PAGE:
Just as Joseph Beuys once declared his reciprocal love for America, in this film you will see a Haitian artist state: “I like vodou and vodou likes me.” He goes so far as to add, “Everyone likes vodou.”
But whatever ghetto sculptor Guyodo might think or say, not everyone does like vodou. Not unless you count the prevalent mania for zombie fancy dress as a deep engagement with this religion.
Guyodo was talking about his neighbourhood, however, where spirits are as popular as art and art is a way of keeping the spirits close. Missing a loved one already? Just put their skull on an effigy.
On press day for a show of Haitian art at Nottingham Contemporary, filmmaker and photographer Leah Gordon was introduced as one of the West’s most frequent visitors to Haiti.
Indeed, she has a freaky level of access. One sequence of her film takes us down a warren of sunless alleys into the heart of a notorious Port-au-Prince ghetto, in search of mysteries and faith.
But the residents of these corrugated steel shacks will surprise you. Artist Andre Eugene tells Gordon there are as many great intellectuals here as there are thieves.
Eugene also has plans to open a museum. Not a gallery, but a full blown museum because up until now it has only been the bourgeoisie who embarked upon such ventures.
The film is not without its spookier moments. In a memorable scene we see a man channel the spirit Gede. He wears shades with the apt number of lenses and props a phallus on his walking stick.
And in some more great footage, towards the end, we witness a jazz funeral. What a way to go! In voiceover the irrepressible Guyodo talks up the immortality of artists, regardless of earthly fame.
If this film has whet your appetite for the art of Grand Rue, try and make it to what must be one of the largest exhibitions of Haitian art ever. Or wait for the catalogue and be there in spirit.
Kafou: Haiti, Art and Vodou is at Nottingham Contemporary until 6 January. See gallery website for more details.
Exhibition: Clare Rojas – We They, We They, Ikon Gallery, Birmingham, until March 21 2010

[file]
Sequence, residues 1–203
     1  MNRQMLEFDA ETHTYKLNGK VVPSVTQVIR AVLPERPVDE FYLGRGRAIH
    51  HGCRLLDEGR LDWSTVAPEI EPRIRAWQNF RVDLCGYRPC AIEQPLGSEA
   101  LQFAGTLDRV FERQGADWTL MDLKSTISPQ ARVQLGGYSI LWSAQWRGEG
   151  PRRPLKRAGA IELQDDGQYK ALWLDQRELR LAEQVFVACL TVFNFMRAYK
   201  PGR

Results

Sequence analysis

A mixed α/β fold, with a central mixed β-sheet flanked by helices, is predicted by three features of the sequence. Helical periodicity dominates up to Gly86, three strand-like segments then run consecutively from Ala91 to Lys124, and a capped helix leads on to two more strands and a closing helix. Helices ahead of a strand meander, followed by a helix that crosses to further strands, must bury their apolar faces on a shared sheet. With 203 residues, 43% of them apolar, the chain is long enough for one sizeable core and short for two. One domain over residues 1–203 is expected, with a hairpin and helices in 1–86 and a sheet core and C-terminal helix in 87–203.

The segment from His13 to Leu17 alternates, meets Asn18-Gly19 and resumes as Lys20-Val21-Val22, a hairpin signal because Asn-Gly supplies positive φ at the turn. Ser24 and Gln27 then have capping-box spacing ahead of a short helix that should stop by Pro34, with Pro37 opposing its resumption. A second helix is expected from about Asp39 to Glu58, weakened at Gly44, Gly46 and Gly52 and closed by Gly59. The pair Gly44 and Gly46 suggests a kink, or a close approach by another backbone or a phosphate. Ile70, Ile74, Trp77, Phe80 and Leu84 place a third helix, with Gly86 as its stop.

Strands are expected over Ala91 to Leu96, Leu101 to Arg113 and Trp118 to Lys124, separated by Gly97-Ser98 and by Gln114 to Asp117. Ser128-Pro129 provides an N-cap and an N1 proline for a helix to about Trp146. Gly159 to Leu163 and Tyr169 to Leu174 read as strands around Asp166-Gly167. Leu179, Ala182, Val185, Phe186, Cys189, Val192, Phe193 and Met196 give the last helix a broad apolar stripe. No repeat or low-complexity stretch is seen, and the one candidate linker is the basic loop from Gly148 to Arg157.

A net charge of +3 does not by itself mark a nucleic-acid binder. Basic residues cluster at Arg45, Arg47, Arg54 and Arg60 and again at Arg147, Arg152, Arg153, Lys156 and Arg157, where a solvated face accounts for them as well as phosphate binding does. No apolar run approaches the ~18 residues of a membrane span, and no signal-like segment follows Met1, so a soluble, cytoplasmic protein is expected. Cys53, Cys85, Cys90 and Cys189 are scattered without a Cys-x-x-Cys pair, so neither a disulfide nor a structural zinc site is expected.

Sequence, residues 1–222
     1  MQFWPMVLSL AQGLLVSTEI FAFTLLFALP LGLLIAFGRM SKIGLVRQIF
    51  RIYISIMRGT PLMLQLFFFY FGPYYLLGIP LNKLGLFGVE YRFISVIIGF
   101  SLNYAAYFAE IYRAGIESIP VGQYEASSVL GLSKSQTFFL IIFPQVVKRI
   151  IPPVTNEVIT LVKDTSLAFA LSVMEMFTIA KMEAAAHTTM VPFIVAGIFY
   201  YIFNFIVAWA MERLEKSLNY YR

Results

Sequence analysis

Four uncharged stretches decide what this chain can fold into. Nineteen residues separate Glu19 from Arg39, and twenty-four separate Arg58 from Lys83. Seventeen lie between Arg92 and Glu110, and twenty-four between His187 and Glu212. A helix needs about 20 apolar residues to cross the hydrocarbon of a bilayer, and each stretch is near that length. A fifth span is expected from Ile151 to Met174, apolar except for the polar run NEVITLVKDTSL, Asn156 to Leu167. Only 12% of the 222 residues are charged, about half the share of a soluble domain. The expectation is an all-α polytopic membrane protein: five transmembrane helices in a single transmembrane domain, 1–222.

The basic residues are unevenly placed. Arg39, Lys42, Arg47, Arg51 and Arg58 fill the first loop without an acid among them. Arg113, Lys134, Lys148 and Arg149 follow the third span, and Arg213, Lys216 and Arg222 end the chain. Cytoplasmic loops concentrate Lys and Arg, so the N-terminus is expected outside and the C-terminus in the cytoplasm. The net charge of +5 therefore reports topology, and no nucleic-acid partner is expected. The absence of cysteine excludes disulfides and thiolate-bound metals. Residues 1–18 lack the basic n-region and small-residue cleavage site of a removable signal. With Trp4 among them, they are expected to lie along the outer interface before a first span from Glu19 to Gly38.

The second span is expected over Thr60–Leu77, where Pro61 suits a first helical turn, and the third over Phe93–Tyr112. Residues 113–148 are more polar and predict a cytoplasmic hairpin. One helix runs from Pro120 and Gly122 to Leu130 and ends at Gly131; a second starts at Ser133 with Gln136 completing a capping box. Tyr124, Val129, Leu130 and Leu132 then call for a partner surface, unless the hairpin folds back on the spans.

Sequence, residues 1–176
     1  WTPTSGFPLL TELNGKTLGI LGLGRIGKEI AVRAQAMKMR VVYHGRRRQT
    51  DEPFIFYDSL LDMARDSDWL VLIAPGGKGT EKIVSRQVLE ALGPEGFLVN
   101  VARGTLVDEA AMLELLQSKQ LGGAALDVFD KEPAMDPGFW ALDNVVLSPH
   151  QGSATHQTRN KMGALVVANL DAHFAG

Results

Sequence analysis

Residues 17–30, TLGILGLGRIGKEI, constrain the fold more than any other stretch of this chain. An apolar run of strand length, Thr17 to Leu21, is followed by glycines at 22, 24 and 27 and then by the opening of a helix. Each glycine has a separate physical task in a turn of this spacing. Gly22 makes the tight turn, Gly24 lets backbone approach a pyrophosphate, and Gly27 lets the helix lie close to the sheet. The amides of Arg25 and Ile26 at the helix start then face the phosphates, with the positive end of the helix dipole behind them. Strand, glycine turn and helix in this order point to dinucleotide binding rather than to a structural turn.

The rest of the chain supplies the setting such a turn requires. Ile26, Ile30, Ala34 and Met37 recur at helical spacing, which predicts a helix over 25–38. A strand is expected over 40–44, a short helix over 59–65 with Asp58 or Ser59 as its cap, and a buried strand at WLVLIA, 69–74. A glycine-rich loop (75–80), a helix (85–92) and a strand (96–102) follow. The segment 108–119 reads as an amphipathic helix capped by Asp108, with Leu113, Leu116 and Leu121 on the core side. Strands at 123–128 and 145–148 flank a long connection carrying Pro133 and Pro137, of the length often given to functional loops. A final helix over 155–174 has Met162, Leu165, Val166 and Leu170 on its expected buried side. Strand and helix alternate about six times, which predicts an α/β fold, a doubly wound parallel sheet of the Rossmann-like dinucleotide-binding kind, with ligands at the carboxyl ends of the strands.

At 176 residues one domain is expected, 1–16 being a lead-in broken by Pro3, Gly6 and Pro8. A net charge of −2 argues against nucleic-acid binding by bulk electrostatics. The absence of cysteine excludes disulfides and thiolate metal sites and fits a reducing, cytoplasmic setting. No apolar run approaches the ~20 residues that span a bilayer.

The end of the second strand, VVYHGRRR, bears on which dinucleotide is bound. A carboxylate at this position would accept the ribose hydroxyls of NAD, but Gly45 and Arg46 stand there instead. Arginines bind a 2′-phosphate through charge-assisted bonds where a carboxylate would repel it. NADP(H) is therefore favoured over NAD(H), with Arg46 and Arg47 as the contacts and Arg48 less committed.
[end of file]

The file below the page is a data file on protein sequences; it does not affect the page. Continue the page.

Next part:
Stepping into the first UK museum show by Clare Rojas is like stumbling upon the private chapel of a slightly mad Pagan with plenty of time, paint and a tall step ladder.
Four walls in the first gallery are covered in a patchwork of colour, motif and dark imagery. The eye bounces around trying to make sense of it all.
There are men and women sitting, moody and alone. There is a couple waving flowers and dancing. A woman laughs. It could perhaps be the story of a relationship.
Except there are three women whose mouths and eyes vomit blood and bile. There are jewel-headed men who climb a carpet to an old woman’s mouth. One scene features a bigfoot type creature.
The painted panels in the two other galleries contain many more scenes of notable strangeness. Some recall Hieronymous Bosch as perhaps seen on a needlework sampler.
Visitors will wonder where it all comes from. Clare Rojas must surely hail from some remote Native American reservation or Eastern European rural backwater, or so you would think.
But the work appears to be born out of over exposure to contemporary culture, not the reverse. Rojas and co-creator Andrew Jeffrey Wright use Tipp-ex to attack the pages of a fashion glossy in two Pythonesque animations on view in the resource room.
Ikon has also laid on a listening post where Peggy Honeywell, her folk-singing alter ego, plays one of her three CDs of knowing Americana. A video shows her gigging at a frat party, suggesting music really does have charms to soothe the savage beast.
The music and the artwork come together in the Tower Room where Rojas’ bright, folksy imagery decorates the heads of seven antique banjos.
It is not an instrument you would associate with contemporary art. Nor might you expect to find a show supported by a kid’s book about a pigeon called Pidgy.
But Rojas, together with Honeywell, has created a fully-realised, alternative world, and you cannot ask an artist for much more than that.
Written for Culture24.